Alerce, A Mysterious Phenomenon Examined Scientifically

The Gran Abuelo tree in Alerce Costero national park, Chile. Buried alerce trunks can hold carbon for more than 4,000 years. Photograph: Salomón Henríquez

I do not recall whether we saw the tree pictured above, but we certainly breathed in the oxygen it expired. We spent the summer of 2009 in southern Chile, some of it working in the Chaihuin River Valley–a portion of the Reserva Costera Valdiviana co-owned at the time by WWF and The Nature Conservancy. The “Caleta” entrance to Chaihuin can be seen in the map below.

We have also seen the redwood trees in California, distant cousins of the alerce. Spectacular is an insufficient word to describe them, but hours-long visits to redwoods cannot compare to sleeping night after night under alerces. Chaihuin was for our family an immersion into the alerce ecosystem. Although I reserve the word miracle for other types of mysterious phenomena, I have no problem with a scientist using the word in this manner:

Alerce shingle was used as currency by local populations throughout the 1700s and 1800s. Photograph: Krystyna Szulecka Photography/Alamy

‘It’s a miracle’: Gran Abuelo in Chile could be world’s oldest living tree

100ft alerce has estimated age of 5,484, more than 600 years older than Methuselah in California

In a secluded valley in southern Chile, a lone alerce tree stands above the canopy of an ancient forest.

Green shoots sprout from the crevices in its thick, dark trunks, huddled like the pipes of a great cathedral organ, and water streams down its lichen-streaked bark on to the forest floor from bulbous knots in the wood.

“It was like a waterfall of green, a great presence before me,” remembers the climate scientist Jonathan Barichivich, 41, of the first time he encountered the Gran Abuelo, or “great-grandfather”, tree as a child.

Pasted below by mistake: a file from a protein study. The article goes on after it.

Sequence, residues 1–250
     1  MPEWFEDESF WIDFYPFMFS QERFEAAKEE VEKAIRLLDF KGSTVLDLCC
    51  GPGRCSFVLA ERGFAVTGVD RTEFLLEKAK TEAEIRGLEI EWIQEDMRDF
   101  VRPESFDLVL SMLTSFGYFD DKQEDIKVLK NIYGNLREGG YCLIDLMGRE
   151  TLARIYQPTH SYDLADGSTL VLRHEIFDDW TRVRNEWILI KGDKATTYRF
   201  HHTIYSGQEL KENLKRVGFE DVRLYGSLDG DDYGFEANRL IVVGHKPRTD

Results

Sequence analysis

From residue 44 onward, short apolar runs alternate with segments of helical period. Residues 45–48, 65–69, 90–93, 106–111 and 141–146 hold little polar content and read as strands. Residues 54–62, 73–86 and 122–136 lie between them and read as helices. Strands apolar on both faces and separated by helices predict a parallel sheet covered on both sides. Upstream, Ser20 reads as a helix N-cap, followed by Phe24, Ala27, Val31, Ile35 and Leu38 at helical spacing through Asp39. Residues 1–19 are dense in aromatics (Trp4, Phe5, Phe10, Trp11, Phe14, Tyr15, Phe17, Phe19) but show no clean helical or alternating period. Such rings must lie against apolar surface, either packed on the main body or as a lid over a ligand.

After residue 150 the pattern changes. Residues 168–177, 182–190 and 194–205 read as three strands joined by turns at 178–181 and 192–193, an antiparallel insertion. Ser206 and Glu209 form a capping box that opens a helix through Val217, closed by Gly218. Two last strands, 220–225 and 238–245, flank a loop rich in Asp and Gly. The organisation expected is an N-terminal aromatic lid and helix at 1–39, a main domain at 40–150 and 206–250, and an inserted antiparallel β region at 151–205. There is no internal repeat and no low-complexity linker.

Barichivich grew up in Alerce Costero national park, 500 miles (800km) south of the capital, Santiago. It is home to hundreds of alerces, Fitzroya cupressoides, slow-growing conifers native to the cold, wet valleys of the southern Andes.

“I never thought about how old the Gran Abuelo could be,” he said. “Records don’t really interest me.” However, Barichivich’s groundbreaking study has shown the 100ft (30-metre) giant could be the world’s oldest living tree.

In January 2020, he visited the Gran Abuelo with his mentor and friend, the dendrochronologist Antonio Lara, to take a core sample from the trunk.

They were able to reach only 40% into the tree as its centre is likely to be rotten, making a complete core unattainable. Yet that sample yielded a finding of about 2,400 years.

Undeterred, Barichivich set about devising a model that could estimate the Gran Abuelo’s age. Taking the known ages of other alerces in the forest and factoring in climate and natural variation, he calibrated a model that simulated a range of possible ages, producing an astounding estimate of 5,484 years old.

That would make it more than six centuries senior to Methuselah, a bristlecone pine in eastern California recognised as the world’s oldest non-clonal tree – a plant that does not share a common root system. Some clonal trees live longer, such as Sweden’s Old Tjikko, a Norway spruce thought to be 9,558 years old…

Read the whole article here.

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